Yesterday I received my first dose of the Moderna vaccine for Covid-19. Beyond the actual health implications for myself, I perceived this moment as somewhat symbolic for a year that really couldn’t get much worse. It will not immediately go back to normal in 2021. Still, considering the new year holiday is next week (calendar new year). My birthday a week after that (personal new year), it seems like this shot’s timing is in line with the idea of turning a corner to something better.
I was actually quite surprised I was approved to take the vaccine first. I was certainly impressed with the process from FDA approval to my arm. For clarity, I am a first responder. I would write about how I became a volunteer firefighter. Instead, I realize I have enough there for a separate post. The point is, I am on scene at car wrecks and medical emergencies, coming in close contact with strangers who can potentially be spreading a virus or disease.
Earlier this month, when the government was getting ready to approve the Pfizer vaccine, a survey was released through the state EMS system for all first responders. I was asked to fill out my DOB, any high-risk health issues related to Covid. I am 31 and pretty healthy. I was determined to be low-risk, which wasn’t a surprise, and assumed I wouldn’t get vaccinated until Q1 of 2021. Last Thursday, Dec. 17, the FDA approved the Moderna vaccine in the morning hours. By afternoon, I had received an email from our Battalion Chief that I was, in fact, approved for the vaccine as early as the following week and needed to respond ASAP to claim a spot. I didn’t hesitate.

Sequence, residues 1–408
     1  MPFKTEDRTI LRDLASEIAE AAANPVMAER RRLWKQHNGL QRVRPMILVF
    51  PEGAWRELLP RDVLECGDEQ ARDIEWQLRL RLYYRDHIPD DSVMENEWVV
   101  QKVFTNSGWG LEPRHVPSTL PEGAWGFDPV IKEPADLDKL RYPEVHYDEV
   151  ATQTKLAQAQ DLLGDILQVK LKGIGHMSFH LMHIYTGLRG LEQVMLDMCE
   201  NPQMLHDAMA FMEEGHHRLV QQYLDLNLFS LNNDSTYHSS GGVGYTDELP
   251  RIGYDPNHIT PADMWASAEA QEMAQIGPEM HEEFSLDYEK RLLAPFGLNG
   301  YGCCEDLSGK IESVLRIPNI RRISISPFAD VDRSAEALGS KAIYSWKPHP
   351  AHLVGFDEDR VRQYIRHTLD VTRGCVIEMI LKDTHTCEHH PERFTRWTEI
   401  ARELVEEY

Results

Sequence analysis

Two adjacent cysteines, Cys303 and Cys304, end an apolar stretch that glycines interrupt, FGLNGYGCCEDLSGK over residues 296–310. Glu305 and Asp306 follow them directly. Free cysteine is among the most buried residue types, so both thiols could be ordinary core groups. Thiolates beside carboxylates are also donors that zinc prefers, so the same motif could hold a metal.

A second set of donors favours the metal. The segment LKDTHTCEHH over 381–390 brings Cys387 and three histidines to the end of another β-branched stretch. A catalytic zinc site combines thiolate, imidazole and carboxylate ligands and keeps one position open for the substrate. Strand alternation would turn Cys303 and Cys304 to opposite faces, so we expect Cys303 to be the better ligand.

I drove down to the county AgExpo yesterday, where the vaccine is being administered. I wasn’t allowed to take any photos, but it looked like a scene from a movie with workers in full gowns, masks, gloves, and face shields. I provided my paperwork and sat in line in my car. The whole process was a drive-through. I lifted my shirt sleeve and got my shot along with a proof of vaccination card. Everyone else in line was fellow firefighters, cops, or EMS professionals, from what I could tell, and the whole process took 35 minutes. After, I was told to sit in my car for 15 minutes in the parking lot to ensure I didn’t have any reactions, and if I did, to honk my horn and put on my emergency blinkers. I had no issues.
It’s been about 15 hours, and I’m up early writing this at 5:30 AM. No severe side effects in terms of sickness, but I will say my left deltoid where they injected the shot is pretty damn sore. I go back for my second dose on Jan. 20, and until then, I am at the same amount of risk for catching the virus. I’m not in the clear yet, but I’m pleased that there is a light at the end of the tunnel.